Postpartum Depression in Men

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Have you ever heard of postpartum depression in men or a non-gestational parent? Despite the fact that people who don’t grow and birth a baby don’t have the same hormonal shifts as pregnant and birthing people, the non-gestational parent experiences hormonal changes—not to mention huge life changes—and can also get postpartum depression. In this post, we’ll discuss the signs and symptoms of postpartum depression in men, as well as treatment options.

“Postpartum depression (PPD) is often defined as an episode of major depressive disorder (MDD) occurring soon after the birth of a child. It is frequently reported in mothers but can also occur in fathers,” writes psychiatrist Jonathan Scarff in the journal Innovations in clinical neuroscience in 2019. [1] Scarff goes on to explain that there are not defined diagnostic criteria for PPD in men, but that mental health professionals may still diagnose it based on the criteria for a major depressive episode and on a clinical tool, the Edinburgh Postnatal Depression Scale, which is commonly used in women.

Signs and Symptoms 

Studies have shown that postpartum depression happens in between 10 and 25 percent of men after the birth of a child—and those numbers are higher if the birthing parent also has postpartum depression. [2, 3] The most common symptoms in men are an increase in conflict (often with the mother or birthing parent), frustration, anger, and irritability. Some men with PPD may cope with excessive work or alcohol and drug use. Loss of interest in things you previously enjoyed—spending time with friends and family, hobbies, and sex—and concerns about productivity are also possible. And physical symptoms, including headaches, stomachaches, pain, fatigue, and weight gain or loss, can also indicate postpartum depression.

Seeking Treatment

If none of these specific symptoms resonate, but you or your partner feel unlike yourself, have trouble concentrating, feel discouraged or sad, have an increase in worrying, and/or experience thoughts of suicide (with or without intent), postpartum depression is still a possibility. The time to seek help is sooner, rather than later. Seeing a therapist who specializes in postpartum depression is a good step, as well as talking to your primary care provider about your symptoms. Often your doctor or nurse practitioner can discuss the possibility of management of your mood with medication, such as antidepressants, and refer you to a psychiatrist if you need more complex medication support.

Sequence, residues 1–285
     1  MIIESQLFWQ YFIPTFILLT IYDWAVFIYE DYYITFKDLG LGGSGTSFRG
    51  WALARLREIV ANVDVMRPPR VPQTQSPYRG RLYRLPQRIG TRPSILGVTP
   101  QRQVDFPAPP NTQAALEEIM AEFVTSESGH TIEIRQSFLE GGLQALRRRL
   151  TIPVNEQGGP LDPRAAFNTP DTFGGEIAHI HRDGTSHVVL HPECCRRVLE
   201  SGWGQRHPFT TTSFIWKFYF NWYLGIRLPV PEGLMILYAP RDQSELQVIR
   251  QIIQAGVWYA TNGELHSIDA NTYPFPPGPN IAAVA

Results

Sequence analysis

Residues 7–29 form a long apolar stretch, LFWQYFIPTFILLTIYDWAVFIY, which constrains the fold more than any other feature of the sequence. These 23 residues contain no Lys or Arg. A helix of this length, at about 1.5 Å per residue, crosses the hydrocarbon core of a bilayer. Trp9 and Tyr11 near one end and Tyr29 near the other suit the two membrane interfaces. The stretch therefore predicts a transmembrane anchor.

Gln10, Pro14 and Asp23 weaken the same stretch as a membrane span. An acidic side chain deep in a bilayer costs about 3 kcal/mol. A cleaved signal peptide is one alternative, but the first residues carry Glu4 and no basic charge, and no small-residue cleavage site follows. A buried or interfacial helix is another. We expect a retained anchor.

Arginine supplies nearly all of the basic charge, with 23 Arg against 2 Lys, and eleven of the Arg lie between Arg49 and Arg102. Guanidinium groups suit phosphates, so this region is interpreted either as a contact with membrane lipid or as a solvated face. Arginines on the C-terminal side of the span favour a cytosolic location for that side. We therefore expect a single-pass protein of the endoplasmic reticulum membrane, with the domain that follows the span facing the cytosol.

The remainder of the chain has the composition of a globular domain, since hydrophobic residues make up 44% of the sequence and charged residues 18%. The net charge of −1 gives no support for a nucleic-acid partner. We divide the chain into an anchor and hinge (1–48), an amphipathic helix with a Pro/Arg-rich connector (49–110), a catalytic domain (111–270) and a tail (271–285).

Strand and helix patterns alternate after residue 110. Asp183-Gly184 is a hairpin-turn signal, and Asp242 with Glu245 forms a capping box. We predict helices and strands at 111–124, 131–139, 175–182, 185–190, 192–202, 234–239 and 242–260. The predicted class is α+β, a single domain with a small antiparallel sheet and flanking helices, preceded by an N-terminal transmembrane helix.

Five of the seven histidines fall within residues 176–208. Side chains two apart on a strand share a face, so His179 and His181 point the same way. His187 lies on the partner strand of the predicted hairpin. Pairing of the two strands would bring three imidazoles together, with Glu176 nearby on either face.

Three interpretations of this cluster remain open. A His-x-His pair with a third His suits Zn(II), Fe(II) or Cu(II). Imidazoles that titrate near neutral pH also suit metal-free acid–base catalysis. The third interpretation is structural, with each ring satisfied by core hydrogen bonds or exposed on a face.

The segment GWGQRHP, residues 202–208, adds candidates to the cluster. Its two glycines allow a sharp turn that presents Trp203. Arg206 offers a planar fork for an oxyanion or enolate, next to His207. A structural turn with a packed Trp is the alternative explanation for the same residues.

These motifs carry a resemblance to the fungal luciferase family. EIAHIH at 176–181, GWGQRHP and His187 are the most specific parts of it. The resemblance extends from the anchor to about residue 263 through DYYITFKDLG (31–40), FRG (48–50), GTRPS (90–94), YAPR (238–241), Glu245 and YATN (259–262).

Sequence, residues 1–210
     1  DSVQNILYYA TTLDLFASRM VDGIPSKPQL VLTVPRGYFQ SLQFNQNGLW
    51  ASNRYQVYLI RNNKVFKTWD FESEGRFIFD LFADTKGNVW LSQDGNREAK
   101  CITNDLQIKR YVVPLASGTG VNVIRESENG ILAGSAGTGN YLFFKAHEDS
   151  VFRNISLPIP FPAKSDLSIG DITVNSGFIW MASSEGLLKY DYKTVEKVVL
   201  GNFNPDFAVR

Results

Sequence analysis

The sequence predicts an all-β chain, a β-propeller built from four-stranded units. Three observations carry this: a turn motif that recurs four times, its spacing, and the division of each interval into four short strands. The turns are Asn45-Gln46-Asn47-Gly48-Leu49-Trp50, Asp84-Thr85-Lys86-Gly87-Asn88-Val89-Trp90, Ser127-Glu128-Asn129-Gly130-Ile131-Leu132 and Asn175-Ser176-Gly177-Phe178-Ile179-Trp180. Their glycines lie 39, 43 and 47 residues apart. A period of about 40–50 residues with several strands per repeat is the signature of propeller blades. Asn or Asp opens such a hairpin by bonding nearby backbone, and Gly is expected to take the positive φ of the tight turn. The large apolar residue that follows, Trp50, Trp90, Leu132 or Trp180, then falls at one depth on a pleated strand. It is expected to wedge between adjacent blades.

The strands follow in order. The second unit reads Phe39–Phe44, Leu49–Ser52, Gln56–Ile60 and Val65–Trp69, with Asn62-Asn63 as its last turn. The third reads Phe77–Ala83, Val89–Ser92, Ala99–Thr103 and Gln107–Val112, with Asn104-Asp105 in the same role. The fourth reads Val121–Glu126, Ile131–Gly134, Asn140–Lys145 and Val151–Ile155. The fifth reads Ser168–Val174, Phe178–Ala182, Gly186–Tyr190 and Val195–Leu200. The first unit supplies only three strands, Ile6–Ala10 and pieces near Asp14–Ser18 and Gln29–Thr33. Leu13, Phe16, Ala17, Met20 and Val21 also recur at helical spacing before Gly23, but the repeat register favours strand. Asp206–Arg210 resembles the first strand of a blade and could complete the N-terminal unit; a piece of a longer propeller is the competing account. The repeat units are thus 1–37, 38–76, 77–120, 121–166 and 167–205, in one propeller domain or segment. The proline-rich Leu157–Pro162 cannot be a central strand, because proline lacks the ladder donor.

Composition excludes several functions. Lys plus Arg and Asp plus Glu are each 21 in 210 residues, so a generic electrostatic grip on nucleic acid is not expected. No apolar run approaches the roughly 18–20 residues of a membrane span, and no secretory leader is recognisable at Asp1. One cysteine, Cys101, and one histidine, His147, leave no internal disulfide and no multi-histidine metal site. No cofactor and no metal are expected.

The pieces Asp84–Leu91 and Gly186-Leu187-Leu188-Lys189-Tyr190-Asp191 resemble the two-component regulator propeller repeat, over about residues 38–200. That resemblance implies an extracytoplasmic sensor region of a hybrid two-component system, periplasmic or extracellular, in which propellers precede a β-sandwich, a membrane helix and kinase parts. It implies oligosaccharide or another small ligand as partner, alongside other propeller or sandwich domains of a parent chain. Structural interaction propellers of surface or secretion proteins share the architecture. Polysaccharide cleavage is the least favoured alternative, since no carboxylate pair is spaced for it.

Other things that can help support your mental health are:

Sleep: it can be so tough to sleep with a new baby in the house, especially if you’re trying to support your partner and become a family with your infant. You can take shifts for sleeping, so that either you or your partner is up with baby (you both don’t have to be) or ask for help from family and friends to catch a nap sometime during the day. And if it’s within your means, consider hiring a night nurse or postpartum doula who can help overnight.

Take time off: If your employer offers parental leave, figure out how you can qualify. Even if non-gestational parents aren’t eligible for paid parental leave, you might qualify for family leave under the Family Medical Leave Act in the United States or be able to use vacation time to be home with your family after baby is born.

Exercise: it’s not always easy to fit in, but taking a walk—perhaps while pushing baby in the stroller—or doing a quick workout video can work wonders for your mood. If you’re feeling stressed, overwhelmed, frustrated, try to channel that into some physical activity and see how you feel.

Share your feelings: there is a lot of societal nonsense out there that will make you think that it’s your job to protect and provide for your family, and if you can’t do that flawlessly, then you’re doing something wrong. That is all a lie! Men have mental health challenges and deserve support, just as much as anyone. You don’t have to suffer, and it’s okay to speak about how you’re doing with the people you love. Taking care of yourself is one way to ensure that you’re able to take care of them, too.

  1. Scarff J. R. (2019). “Postpartum Depression in Men.” Innovations in clinical neuroscience.
  2. Goodman J. H. (2004). “Paternal postpartum depression, its relationship to maternal postpartum depression, and implications for family health.” Journal of advanced nursing.
  3. Paulson J.F. and S.D. Bazemore. (2010). “Prenatal and Postpartum Depression in Fathers and Its Association With Maternal Depression: A Meta-analysis.”
Abby Olena
Dr. Abby Olena has a PhD in Biological Sciences from Vanderbilt University. She lives with her husband and children in North Carolina, where she writes about science and parenting, produces a conversational podcast, and teaches prenatal yoga.

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